Africa faces the most challenges of any region in meeting the UN’s Sustainable Development Goals (SDGs) commitments, given its high levels of environmental degradation, poverty, and unemployment along with rapid population growth and weak state institutions. In ESI ThoughtLab’s survey of 167 cities across six regions designed to explore cities’ progress on the SDGs, African cities overall trailed those in all the other regions. Unlike other regions, all African cities are in emerging economies, which struggle more than advanced economies to make headway on the SDGs.
Just 55% of African cities surveyed said they had adopted the SDG framework into their plans (vs. 78% of all cities on average), and just 31% on average reported notable progress on the goals (vs. 59% for all cities).
However, progress has been uneven and is further along in some areas. With increasing temperatures and sea levels threatening their citizens and economies, African cities are moving most aggressively on climate action—with 55% saying they have made considerable progress in this area. They are also making moderate advances on partnerships to achieve the SDGs, education, poverty alleviation, health, gender equality, decent work, and life on land. Conversely, they are far off track on goals such as clean energy and water, and industry and innovation.
Smart city technologies and solutions can help African and other cities to meet their social, environmental, and economic goals. However, as part of the least economically developed region, cities in Africa invest less than others in such technologies and have the smallest average technology budgets—just $2 million annually (vs. $9.8 million on average for all cities). Yet despite smaller budgets, African cities are making large investment in a few technologies, notably mobile, biometrics, IoT, and cloud.
Accra stands out
Notably, one African city—Accra, Ghana—stands out ahead of the others on that continent in advancing its SDG agenda. Under the maturity framework developed as part of the study, Accra is the only city in the region classified as a “sprinter”—among those making the most progress on its goals. While Accra leads, Addis Ababa, Ekurhuleni, Kigali, and Touba are not far behind—they are classified as advancers. The remaining 20 African cities are classified as early-stage implementers.
What has Accra done differently that has put it ahead of the others? Besides Accra, only one other African city (Kigali) has incorporated all the 17 SDGs into its plans. And Accra reports having made considerable progress on more of the SDGs (14) than any other city in the region.
Accra has also followed several critical steps that can help ensure the success of an SDG program. It has a high level of support for the SDGs across government departments; it regularly monitors SDG efforts; and it has designated a specific department to take the lead on SDG initiatives. It is also using technology solutions across more urban domains than other African cities and has made important headway on citizen engagement—another key component of SDG achievement.
Environmental sustainability, particularly related to clean water and sanitation (SDG #6), is one area where Accra has adopted bold initiatives. The government has committed to make Accra one of the cleanest cities in Africa, and in 2019 it drafted a new national plastics management policy to reduce plastic pollution. The policy was designed to promote recycling of plastic waste into other products as well as to begin an intensive environmental education program. At the same time, Ghana became the first African nation to join the Global Plastic Action Partnership, a public-private platform dedicated to fostering action to combat the plastics pollution crisis.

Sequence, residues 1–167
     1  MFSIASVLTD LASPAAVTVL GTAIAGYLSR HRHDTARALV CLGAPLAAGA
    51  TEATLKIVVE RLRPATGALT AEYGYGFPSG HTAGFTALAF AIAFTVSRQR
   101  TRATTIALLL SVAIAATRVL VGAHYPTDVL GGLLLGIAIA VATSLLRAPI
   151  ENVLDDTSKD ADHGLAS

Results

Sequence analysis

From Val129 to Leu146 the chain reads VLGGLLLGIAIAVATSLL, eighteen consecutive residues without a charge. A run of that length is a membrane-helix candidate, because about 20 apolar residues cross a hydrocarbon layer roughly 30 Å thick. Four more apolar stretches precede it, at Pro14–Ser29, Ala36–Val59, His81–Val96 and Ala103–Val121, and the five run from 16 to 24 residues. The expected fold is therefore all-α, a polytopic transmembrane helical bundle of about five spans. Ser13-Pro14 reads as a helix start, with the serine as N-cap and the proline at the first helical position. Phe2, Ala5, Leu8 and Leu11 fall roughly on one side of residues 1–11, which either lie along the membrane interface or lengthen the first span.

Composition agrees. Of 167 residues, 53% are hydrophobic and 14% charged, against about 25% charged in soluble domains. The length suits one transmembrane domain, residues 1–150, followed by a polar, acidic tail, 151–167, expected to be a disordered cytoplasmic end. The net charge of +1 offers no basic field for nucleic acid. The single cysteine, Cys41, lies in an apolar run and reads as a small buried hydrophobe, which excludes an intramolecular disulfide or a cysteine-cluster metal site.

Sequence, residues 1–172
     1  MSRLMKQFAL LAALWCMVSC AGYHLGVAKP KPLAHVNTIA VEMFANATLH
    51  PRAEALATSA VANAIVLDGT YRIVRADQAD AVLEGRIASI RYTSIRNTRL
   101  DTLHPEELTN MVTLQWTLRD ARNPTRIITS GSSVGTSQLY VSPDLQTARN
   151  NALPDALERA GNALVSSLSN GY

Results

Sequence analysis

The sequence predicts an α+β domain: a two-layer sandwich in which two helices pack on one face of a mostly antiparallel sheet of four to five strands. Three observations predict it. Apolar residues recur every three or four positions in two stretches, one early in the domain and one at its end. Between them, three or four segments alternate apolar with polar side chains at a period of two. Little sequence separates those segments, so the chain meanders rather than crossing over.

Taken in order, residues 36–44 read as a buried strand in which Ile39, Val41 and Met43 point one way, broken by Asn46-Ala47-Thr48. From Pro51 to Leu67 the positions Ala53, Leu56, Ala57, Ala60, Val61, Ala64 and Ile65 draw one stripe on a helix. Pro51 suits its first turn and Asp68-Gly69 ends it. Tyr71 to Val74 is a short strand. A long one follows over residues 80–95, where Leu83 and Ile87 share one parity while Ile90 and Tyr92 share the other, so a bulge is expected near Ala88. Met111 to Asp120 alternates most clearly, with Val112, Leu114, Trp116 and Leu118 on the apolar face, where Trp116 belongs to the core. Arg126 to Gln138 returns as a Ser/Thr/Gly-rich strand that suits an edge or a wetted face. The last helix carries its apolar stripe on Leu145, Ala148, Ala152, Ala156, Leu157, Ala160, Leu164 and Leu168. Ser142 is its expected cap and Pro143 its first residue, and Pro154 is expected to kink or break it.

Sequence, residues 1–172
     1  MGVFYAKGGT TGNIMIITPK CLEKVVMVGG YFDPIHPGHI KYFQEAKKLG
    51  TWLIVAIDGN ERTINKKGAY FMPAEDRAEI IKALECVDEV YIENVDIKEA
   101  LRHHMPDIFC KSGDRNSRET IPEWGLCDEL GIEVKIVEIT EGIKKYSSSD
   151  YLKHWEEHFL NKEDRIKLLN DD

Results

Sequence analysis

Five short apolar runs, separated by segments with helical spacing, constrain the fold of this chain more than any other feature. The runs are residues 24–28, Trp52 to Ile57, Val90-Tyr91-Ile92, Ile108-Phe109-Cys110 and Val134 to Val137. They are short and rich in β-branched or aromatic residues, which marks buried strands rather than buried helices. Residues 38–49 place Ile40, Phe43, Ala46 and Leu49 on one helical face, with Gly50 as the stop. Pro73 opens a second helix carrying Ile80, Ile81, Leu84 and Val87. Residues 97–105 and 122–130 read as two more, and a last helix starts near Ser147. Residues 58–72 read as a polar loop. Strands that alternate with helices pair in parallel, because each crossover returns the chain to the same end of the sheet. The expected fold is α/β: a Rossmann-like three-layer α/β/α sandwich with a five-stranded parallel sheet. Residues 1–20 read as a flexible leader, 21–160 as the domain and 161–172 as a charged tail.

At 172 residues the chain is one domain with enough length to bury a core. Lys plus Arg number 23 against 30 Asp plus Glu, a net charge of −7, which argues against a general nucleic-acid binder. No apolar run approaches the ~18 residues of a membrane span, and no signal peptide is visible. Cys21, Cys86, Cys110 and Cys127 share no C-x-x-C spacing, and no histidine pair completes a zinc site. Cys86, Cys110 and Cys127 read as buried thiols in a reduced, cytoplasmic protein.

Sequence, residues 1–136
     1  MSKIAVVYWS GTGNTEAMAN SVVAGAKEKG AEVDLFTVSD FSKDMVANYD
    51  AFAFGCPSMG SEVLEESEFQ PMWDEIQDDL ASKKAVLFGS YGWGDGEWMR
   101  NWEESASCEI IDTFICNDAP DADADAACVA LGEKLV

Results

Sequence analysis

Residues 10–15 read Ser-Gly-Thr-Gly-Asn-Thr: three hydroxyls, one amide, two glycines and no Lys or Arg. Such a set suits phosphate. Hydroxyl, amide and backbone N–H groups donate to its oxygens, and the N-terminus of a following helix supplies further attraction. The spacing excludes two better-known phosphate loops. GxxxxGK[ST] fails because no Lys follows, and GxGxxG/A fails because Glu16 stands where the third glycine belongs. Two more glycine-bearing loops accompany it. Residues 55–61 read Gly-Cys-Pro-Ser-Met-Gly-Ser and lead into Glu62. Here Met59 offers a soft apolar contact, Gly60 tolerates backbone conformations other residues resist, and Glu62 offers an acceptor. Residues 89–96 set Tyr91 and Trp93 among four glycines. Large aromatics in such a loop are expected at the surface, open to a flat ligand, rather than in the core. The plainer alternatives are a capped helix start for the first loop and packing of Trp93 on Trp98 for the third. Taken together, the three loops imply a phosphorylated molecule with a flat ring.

Funding of SDGs programs is one of the biggest challenges for Africa cities and is another area where Accra has taken a strong approach. In 2018, the country’s Ministry of Finance in collaboration with the Ghana Investment Promotions Centre and the SDGs Advisory Unit launched the annual Accra SDGs Investment Fair to encourage private financing of the SDGs. The fair aims to facilitate collaboration between investors and sustainable public and private-sector project and businesses. The 2020 fair was conducted virtually and was designed to develop post-COVID-19 funding strategies, since the pandemic has further squeezed already constrained public finances.
In 2020, the government also partnered with the Sustainable Development Investment Partnership (SDIP), an initiative of the World Economic Forum and the OECD, to hold the first SDGs Country Financing Roadmap Roundtable in Accra. It was the first African country to partner with the SDIP. The event brought together governmental institutions, donors, multilateral organizations, development banks, and private investors to investigate innovative strategies to finance the SDGs, including foreign investment and private equity.
Ghana’s approach to funding the SDGs also engages leaders at the local level. The SDGs national budgeting and financing process involves a bottom-up approach where local authorities actively participate. And in addition to national efforts, Accra city leaders are looking to diversify their sources of financing. According to our survey, the main sources of funding now for Accra are multilateral financing, government-based borrowing, and user fees taxes. Over the next three years, multilateral financing will remain important for the city, but the other main sources will be private-sector financing and crowdsourcing from the public.